Stinging Nettle - note opposite leaves and flowers in leaf axils

Despite these similarities the two plants are easy to distinguish.  Stinging Nettle often grows taller than Wood Nettle (up to 7 feet tall versus 4 feet tall).  Although both species like wet soils, Stinging Nettle is also more likely to be found in dry habitats than Wood Nettle.  The most distinguishing characteristic is leaf placement; Wood Nettle has some alternate leaves while those of Stinging Nettle are always arranged in pairs.

Stinging Nettle - a closer view of the greenish-white flowers

There is some debate over the origin of our Stinging Nettle plants.  The species is native to both North America and Eurasia.  Michigan Flora indicates that most Michigan plants belong to the native subspecies.

Wildflowers of 2014 - #177 Bouncing Bet (Saponaria officinalis)

The next three species are all non-native, starting with Bouncing Bet (Saponaria officinalis).  This native of Eurasia is naturalized across all of the United States and Canada with the exception of Hawaii, Alaska, and the Canadian Arctic.  Like many introduced species, it is most commonly found in disturbed habitats such as fields and roadsides.  Bouncing Bet is also known as Soapwort - adding the plant to water will result in foam that has traditionally bean used for cleaning.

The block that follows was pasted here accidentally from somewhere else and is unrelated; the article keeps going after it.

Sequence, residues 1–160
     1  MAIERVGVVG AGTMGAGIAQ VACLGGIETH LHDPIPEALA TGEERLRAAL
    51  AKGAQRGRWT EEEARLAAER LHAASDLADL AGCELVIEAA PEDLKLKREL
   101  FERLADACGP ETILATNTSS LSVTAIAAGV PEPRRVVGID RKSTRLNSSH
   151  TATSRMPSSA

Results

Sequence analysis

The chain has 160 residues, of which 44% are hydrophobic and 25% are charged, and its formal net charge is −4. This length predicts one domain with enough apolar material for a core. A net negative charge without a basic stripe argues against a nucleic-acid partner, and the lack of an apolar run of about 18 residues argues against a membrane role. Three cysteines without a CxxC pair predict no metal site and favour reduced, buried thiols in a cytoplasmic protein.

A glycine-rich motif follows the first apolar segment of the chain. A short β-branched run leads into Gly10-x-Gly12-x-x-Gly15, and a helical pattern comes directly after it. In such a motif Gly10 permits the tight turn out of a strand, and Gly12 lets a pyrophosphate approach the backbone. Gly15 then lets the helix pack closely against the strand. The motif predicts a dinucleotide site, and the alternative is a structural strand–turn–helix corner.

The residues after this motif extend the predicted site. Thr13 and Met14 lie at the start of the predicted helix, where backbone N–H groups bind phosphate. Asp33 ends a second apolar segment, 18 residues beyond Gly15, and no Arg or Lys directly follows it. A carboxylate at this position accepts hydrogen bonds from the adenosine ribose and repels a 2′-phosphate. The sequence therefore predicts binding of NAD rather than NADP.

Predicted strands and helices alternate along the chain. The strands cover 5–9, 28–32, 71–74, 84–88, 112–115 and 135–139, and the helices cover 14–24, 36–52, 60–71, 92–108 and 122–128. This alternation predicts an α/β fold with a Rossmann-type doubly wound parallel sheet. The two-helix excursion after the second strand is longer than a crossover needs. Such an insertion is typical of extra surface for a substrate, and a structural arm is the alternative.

Bouncing Bet or Soapwort

Bouncing Bet plants may grow up to 2 1/2 feet tall and produces a terminal cluster of white or bluish-white flowers.  The flowers are up to 1 inch across, tube-shaped, and have five petals.  The petals angle backward, exposing the plant's pistil and stamen.  Like many pale flowers, Bouncing Bet is probably pollinated mainly by large nocturnal moths.

Bouncing Bet - note tubular flowers with bent back petals

Wildflowers of 2014 - #178 Bull Thistle (Cirsium vulgare)

Bull Thistle (Cirsium vulgare) is the second species of thistle on the list - Canada Thistle (C. arvense) was listed at #150 on June 22nd.  Like Canada Thistle, Bull Thistle was originally native to Europe.  It has naturalized across most of North America (except certain areas of the Canadian Arctic).  It was probably introduced accidentally in seed stocks.

Bull Thistle - note spines on stem, leaves, and flower bract

Bull Thistle is a very spiny plant.  The stem of the plant is covered with small spines and several linear "wings" with widely spaced large spines.  The leaves of the plant are lobed, with stout spines at the tips of each lobe.  The bracts at the base of each  purple/pink flower also come to stiff points.

Bull Thistle plants grow to a height of 3 to 6 feet.  They are most commonly found in dry upland sites.

Wildflowers of 2014 - #179 Catnip (Nepeta cataria)

Catnip (Nepeta cataria) is another Eurasian native that has also naturalized across most of North America.  Also known as Catmint,  Catnip was widely planted during Colonial times for its medicinal properties.  Like most non-native species, it is most common in disturbed habitats.